About the organization

The Eastern and Southern Africa small-scale Farmers Forum (ESAFF Burundi) is working in Burundi since 2009 with a purpose of enabling small farmers in the country to speak as a united voice so that issues, concerns and recommendations become an integral part of policies and practices at national, regional/international levels.

ESAFF Burundi is a member of network of grassroots small scale farmers’ organizations working in countries of Eastern and Southern Africa (ESA) region. This network of grassroots organizations are led by ESAFF Regional which started in 2002 parallel to the World Summit on Sustainable Development (WSSD) and was registered in 2007 in Tanzania. ESAFF regional (with headquarters in Tanzania, Morogoro) coordinates more than 15 African countries. These countries are: Tanzania through MVIWATA; Kenya (Kenya Small Scale Farmers Forum – KESSFF), Uganda (ESAFF Uganda), Zambia (ESAFF Zambia); Zimbabwe (Zimbabwe Small Organic Smallholder Famers Forum – ZIMSOFF), Lesotho (Lesotho Small Scale Farmers Forum); South Africa (ESAFF South Africa); Malawi (National Small Scale Farmers Movement -NASFAM); Rwanda (APPPE); Madagascar (Confédération des Agriculteurs Malagas – CPM) ; Seychelles (Seychelles Farmers Association – SeyFA) and Mozambique (ROSA).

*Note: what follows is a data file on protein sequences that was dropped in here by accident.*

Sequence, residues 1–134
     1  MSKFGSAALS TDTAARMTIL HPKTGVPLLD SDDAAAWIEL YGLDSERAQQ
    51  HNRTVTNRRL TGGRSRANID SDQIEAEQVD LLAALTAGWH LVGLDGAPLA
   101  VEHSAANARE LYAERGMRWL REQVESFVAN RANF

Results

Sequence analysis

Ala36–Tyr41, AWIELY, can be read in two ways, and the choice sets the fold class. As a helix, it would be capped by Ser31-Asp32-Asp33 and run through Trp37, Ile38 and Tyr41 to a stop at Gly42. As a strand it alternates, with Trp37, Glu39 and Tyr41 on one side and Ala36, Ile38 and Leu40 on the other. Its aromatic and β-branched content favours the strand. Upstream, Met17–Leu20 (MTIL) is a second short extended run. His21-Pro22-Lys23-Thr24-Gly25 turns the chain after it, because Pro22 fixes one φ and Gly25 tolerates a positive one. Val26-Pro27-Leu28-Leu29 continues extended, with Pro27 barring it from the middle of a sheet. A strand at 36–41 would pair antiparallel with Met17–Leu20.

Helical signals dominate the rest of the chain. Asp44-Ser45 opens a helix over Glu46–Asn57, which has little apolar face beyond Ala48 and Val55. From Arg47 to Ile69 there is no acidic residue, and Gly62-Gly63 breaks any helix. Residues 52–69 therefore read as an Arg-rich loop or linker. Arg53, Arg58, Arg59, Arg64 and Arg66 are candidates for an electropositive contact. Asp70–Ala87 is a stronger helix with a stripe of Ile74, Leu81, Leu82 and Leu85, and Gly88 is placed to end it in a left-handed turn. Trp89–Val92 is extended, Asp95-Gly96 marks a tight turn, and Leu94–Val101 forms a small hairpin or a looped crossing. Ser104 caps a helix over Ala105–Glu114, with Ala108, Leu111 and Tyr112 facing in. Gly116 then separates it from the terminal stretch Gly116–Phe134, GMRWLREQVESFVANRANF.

Country Overview and Facts

Burundi is among the lowest ranked countries in the Human Development Index (184th out of 188 countries in 2016) with 11.4 million of population. The rural population includes 94% under poverty line, and 80% are underemployed. Agriculture plays a critical role in poverty reduction strategy given the fact that 90% of Burundi’s population and 97% of its poor live and work in rural areas.

The percentage of fertile land available for agriculture is decreasing due to the country’s high population growth rate. The long period of conflict had an adverse impact on the agriculture sector, including the livestock sector.

Food insecurity and malnutrition are becoming chronic. Burundi is among EAC countries with higher undernourishment (39.2%).  On the prevalence of stunting (% of children under 5 years old) Burundi is still the highest with more than half of under-five (5) year children experiencing stunting at 56.0. Climate change is also having a negative impact.

Natural disasters (torrential rains, violent wind, landslide and flooding) are increasingly affecting farmers devastating their crops, shelters and other basic necessities. And at least 3,357 farmers are affected and displaced every month and one third of those affected people experience an acute need of WASH services